In this context, a rush of technology companies went public, such as Yandex, a Russian search engine, and Pandora, the online music service. In the first half of this year, the technology sector supported the largest IPO market. Offers technology accounted for about one third of all offers of this year, according to data from Renaissance Capital, an IPO consulting firm.

But enthusiasm seemed to peak earlier this summer, began to cool in August a context of equity market volatility and macroeconomic concerns.

At this point, the bankers Groupon, led by Morgan Stanley, Goldman Sachs and Credit Suisse cut their estimates for the price, according to a person with direct knowledge of the case and was not allowed to talk about the public offering. It did not help the company to the Internet has also worked on accounting issues with regulators who frowned on how Groupon is representing his income.

Since September dragged on, the underwriters encouraged the company to move forward with an offer, despite the turbulence. The market was far from ideal and the press was far from brilliant, but the plan was to continue a small offering size and price, which will allow the company to go public and to all related distractions behind.

Confidence began to build in October, while the management team and its insurers have begun a two-week tour across the country. Almost immediately, investors have started to place orders, several people said. After deep conversations with some of the biggest buyers, the Underwriters tested a higher price, above the initial target of $ 16 to $ 18 per share.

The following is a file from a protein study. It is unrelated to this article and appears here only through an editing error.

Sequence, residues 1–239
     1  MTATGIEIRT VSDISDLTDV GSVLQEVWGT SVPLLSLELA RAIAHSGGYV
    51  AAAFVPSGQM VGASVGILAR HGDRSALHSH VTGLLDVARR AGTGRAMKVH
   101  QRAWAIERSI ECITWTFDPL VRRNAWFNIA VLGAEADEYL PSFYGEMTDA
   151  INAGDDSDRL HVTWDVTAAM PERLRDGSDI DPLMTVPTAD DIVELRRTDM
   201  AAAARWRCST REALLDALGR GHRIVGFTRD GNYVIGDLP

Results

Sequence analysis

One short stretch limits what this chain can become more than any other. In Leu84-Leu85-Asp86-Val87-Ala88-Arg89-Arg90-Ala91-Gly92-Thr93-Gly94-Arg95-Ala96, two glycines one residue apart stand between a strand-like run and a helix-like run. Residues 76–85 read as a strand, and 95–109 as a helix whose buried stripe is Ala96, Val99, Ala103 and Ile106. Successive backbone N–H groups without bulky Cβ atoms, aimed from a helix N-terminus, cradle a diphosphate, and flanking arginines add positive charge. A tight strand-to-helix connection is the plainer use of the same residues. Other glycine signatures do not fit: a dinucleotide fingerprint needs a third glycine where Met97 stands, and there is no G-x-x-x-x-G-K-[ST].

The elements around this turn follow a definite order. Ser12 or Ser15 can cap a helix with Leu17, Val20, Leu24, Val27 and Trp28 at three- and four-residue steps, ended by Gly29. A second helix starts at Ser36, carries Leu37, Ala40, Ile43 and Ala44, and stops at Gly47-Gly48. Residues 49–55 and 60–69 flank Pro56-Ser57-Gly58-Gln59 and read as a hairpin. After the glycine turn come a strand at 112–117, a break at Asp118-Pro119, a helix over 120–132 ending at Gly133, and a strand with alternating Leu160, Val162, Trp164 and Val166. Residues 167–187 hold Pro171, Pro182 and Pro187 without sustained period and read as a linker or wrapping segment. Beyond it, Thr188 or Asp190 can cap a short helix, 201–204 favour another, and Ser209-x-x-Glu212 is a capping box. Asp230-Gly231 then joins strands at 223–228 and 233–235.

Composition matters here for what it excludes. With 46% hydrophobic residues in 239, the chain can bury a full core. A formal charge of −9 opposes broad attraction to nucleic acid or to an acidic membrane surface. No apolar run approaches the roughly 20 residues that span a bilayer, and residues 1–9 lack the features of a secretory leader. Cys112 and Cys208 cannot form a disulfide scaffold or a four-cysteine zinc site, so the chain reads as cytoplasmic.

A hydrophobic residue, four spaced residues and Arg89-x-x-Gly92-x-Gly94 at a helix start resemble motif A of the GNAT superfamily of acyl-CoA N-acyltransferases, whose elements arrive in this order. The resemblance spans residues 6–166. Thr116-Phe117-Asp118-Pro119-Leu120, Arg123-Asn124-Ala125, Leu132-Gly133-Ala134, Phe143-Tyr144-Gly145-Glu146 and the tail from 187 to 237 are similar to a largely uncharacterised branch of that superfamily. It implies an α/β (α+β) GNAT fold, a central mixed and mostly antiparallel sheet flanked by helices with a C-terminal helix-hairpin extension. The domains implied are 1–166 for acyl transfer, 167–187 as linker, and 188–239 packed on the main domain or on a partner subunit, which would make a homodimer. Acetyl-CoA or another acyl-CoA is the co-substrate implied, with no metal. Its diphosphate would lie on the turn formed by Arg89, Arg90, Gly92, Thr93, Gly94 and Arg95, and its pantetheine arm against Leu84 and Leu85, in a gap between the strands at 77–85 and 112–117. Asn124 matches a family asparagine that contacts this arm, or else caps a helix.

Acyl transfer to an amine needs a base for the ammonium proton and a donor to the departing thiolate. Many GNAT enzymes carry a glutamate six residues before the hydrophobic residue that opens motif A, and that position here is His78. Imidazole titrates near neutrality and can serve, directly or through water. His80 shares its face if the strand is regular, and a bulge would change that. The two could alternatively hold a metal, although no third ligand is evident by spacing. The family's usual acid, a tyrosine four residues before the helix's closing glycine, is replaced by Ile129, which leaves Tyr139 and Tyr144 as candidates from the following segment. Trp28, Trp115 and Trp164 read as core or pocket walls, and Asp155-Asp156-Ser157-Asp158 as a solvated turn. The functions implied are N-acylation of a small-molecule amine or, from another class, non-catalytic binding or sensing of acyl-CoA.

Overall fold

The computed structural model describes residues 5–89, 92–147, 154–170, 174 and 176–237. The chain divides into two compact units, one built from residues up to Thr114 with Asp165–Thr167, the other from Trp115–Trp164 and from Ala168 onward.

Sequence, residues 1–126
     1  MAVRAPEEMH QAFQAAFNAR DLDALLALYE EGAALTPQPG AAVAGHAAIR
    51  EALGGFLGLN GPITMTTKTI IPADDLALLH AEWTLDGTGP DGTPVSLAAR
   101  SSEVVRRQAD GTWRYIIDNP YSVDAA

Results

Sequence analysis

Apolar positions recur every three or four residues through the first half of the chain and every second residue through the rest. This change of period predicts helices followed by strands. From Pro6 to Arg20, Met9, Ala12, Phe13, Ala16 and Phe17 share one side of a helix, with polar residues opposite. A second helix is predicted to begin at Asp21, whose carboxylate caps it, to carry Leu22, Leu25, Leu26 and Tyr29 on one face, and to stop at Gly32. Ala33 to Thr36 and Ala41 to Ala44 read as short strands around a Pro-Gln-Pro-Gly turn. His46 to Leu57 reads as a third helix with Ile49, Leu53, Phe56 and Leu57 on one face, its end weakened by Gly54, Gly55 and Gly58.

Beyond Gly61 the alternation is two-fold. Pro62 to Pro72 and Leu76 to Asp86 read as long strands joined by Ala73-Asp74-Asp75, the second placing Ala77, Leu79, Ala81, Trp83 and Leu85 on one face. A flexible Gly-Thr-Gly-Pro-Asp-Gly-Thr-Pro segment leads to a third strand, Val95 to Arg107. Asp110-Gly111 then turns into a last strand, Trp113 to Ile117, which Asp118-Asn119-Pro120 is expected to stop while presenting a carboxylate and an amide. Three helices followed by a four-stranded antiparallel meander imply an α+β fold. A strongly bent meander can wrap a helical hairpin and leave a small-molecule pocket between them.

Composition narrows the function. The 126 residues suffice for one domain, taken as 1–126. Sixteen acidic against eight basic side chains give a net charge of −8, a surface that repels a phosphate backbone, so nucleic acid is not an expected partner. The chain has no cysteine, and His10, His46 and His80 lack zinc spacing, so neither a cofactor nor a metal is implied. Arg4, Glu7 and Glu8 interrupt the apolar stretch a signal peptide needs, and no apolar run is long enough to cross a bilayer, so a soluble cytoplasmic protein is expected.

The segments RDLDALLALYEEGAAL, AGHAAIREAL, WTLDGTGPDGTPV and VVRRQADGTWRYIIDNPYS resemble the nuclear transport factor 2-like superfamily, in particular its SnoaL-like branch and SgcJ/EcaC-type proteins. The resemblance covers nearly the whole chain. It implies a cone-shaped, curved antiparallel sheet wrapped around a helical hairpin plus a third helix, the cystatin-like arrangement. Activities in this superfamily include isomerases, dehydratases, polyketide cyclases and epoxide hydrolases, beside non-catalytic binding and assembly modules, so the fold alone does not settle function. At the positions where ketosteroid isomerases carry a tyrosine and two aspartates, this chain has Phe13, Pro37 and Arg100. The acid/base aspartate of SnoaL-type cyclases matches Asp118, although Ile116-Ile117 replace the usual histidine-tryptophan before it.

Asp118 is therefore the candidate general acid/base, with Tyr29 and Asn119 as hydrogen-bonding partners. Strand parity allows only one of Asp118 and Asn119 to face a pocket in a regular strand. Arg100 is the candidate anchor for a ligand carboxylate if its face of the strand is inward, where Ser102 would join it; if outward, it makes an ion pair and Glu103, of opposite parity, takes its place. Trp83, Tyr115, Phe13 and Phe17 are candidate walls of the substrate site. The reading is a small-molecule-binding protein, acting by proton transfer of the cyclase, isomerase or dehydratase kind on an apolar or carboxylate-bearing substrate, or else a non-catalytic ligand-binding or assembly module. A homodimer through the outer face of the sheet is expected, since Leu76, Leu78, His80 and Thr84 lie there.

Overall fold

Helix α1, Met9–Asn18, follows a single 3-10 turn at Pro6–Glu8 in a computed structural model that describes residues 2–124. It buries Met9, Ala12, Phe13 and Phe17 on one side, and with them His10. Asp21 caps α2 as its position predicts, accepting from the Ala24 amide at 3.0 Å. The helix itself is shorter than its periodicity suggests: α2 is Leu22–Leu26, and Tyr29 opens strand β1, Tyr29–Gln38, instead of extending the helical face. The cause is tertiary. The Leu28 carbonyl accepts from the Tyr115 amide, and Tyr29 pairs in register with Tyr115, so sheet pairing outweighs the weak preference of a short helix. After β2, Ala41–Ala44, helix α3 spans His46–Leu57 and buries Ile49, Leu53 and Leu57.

Subscribers to the company tried to give more grants to set up mutual funds, known for buying and holding instead of the less predictable hedge funds suspected of seeking a quick buck, according to two people with knowledge of the subject which were not authorized to discuss the matter publicly.

Some investors have expressed interest in paying more than $ 20 per share, but the bankers wanted to give a little space, instead of "price last dollar available", one of the people said. Underwriters, following the lead of companies like LinkedIn and Pandora, also kept the little offering, to just over 5 percent of the total shares.

Ultimately, the demand was so strong that the orders were more than 10 times the amount of shares offered.

The success of Groupon and other Internet companies, newly public could be a good omen for the industry. While shares of LinkedIn withdrew from their inception, the social networking site will be appraised at $ 8 billion. Zynga, which recently raised money at a valuation of 10 billion, has not had as many trips to the public and should be adopted by investors.

The stage start-ups in Silicon Valley can also see a boost.

"Groupon IPO is a natural diamond that will loosen up stuff," Mr. Duda, the venture capitalist, said. "The confidence is up, I saw more movement in the face from 30 to 45 days, I've seen in three to five months. "